The most amazing thing about Transformers: Revenge of the Fallen — and it is an amazing movie, in ways both dazzling and repellent — is that something so outrageously gigantic finally leaves so little an impression. Never have such quantities of money, hardware, technology and fathomlessly complicated logistics been marshaled to produce an experience so fleeting and ephemeral.
This is not to underestimate the brutal power of that experience. Submitting to this mega-spectacular is an invitation to rock your body, liquefy your brain and sacrifice your soul to the godhead of Hollywood shock and awe.
There’s no question that the movie achieves its primitive aim — an overwhelming vision of technological supremacy — nor that this vision has been executed with astonishing audio-visual sophistication by legions of technicians, designers, animators and crew.
But when the lights go up, and you stagger back to reality, all that remains is a vague sense of having been relentlessly stimulated for close to three hours, as if by a low-grade electrical shock.
Indeed, Revenge of the Fallen might be compared to torture, not in the colloquial sense of being “painful” to watch, but rather insofar as it reduces both subject and spectator to the status of objects. The film is profoundly inhuman — mechanized not only in terms of the alien robots who rampage through its narrative but in regard to its ostensibly human characters.
Shia LaBeouf reprises his role as Sam Witwicky, an all-American boy next door plunged into an ancient intergalactic feud between the benevolent Autobots and the apocalyptic Decepticons. Having survived the first round of combat, which banished Decepticon leader Megatron to the bottom of the ocean, Sam prepares to leave for college.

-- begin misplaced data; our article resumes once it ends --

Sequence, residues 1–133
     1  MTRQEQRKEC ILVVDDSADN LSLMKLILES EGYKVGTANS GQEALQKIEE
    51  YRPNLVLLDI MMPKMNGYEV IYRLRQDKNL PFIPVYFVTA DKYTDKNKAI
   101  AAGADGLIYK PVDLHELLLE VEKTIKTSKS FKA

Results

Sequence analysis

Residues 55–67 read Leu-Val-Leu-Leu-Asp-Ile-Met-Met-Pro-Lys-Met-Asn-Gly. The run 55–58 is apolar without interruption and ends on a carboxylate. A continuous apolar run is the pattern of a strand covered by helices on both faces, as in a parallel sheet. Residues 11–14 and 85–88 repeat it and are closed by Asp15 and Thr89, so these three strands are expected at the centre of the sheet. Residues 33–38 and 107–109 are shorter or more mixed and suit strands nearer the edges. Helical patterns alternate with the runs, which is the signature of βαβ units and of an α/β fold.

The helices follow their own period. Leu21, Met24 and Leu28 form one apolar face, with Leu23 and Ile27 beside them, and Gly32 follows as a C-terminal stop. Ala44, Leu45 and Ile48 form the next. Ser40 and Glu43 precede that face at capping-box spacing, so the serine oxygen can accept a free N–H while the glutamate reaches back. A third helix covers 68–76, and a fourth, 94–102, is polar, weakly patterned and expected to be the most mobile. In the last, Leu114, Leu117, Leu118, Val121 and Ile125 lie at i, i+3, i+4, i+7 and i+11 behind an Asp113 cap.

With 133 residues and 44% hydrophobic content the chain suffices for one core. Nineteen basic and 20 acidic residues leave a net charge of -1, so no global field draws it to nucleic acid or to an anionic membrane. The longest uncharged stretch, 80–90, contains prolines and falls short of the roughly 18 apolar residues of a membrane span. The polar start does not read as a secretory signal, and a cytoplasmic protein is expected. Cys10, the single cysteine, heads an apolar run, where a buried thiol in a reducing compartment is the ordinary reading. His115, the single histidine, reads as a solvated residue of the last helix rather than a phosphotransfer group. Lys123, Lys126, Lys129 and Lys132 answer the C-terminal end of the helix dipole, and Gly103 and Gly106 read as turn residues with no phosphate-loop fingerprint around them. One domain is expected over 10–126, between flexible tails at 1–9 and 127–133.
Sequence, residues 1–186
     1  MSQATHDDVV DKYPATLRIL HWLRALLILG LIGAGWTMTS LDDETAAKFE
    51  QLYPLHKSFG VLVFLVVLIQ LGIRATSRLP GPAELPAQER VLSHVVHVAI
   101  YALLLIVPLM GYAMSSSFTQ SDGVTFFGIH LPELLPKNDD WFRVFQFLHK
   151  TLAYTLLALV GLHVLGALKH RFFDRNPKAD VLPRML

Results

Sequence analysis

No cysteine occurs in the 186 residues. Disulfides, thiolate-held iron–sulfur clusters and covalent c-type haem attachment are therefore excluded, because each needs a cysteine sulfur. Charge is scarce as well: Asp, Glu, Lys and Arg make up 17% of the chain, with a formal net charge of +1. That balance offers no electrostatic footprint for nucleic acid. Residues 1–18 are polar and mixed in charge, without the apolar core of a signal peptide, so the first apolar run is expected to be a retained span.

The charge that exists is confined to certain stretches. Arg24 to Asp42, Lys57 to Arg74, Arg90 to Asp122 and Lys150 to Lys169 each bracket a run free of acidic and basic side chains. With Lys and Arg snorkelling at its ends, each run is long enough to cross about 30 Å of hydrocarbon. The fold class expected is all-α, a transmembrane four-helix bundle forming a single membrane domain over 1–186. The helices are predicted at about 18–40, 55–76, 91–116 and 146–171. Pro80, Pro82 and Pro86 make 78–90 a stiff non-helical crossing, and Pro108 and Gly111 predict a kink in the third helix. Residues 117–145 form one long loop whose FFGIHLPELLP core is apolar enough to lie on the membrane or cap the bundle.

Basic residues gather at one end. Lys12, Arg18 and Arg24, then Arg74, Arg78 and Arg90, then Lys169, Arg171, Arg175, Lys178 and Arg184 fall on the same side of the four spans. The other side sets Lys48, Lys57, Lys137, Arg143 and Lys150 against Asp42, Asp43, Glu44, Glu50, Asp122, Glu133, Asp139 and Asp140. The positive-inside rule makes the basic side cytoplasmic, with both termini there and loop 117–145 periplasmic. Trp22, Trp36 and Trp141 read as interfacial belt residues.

What this portends for his relationship to his girlfriend Mikaela (Megan Fox) — here introduced splayed over a motorcycle in her Daisy Dukes — comprises the “human interest” angle of the story.
Such unabashed misogyny and racism are byproducts of a vision totally invested in the thrill of technological warfare. As reported by Variety, Revenge of the Fallen was produced with unprecedented cooperation from the armed forces. In exchange for providing the filmmakers with battalions of war machines, the military has been granted an extravagant recruiting commercial.
No surprise, then, that the movie stages its climactic engagement in the Middle East. The story entails the efforts of the fallen Decepticons to rise by extracting a set of glyphs implanted in Sam’s brain — don’t ask — and thereby reactivating an ancient weapon cached in one of the great pyramids of Giza.
Thus does Revenge of the Fallen stage the giddiest destruction of ancient relics since the Taliban toppled the Buddhas of Bamiyan, as great chunks of Egyptian antiquity are shattered in the climactic showdown between the Autobots and the Decepticons
At this point, some two hours into the assault, Revenge of the Fallen has decidedly run out of gas, though it keeps right on trucking — and smashing and shooting and colliding and bombing and exploding. Imagining the carbon footprint of this mega-movie is more head-spinning than anything onscreen.
its rated pg-13 for some breif action and violence and some sexual themes so careful who u bring to the movies with u i found it to be very intense.